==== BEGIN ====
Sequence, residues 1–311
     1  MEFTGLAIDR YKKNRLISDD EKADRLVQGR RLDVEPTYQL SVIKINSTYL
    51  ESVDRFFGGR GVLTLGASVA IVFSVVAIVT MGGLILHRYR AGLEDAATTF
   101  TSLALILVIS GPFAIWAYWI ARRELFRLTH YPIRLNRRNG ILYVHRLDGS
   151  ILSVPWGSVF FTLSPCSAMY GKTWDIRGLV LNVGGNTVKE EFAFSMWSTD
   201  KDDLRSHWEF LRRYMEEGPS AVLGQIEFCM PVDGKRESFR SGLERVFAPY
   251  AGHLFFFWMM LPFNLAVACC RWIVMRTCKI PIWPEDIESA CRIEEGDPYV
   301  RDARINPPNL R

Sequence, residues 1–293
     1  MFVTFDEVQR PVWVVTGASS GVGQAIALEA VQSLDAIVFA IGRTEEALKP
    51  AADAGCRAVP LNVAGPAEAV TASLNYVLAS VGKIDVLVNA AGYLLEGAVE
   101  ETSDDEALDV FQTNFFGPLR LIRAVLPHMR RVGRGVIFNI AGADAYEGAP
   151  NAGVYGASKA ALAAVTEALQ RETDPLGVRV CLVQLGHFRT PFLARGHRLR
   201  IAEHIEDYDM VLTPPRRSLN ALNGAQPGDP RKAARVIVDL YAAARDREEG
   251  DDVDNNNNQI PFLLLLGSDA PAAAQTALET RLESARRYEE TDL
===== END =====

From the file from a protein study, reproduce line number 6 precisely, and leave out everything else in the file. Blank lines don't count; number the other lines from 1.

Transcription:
   201  KDDLRSHWEF LRRYMEEGPS AVLGQIEFCM PVDGKRESFR SGLERVFAPY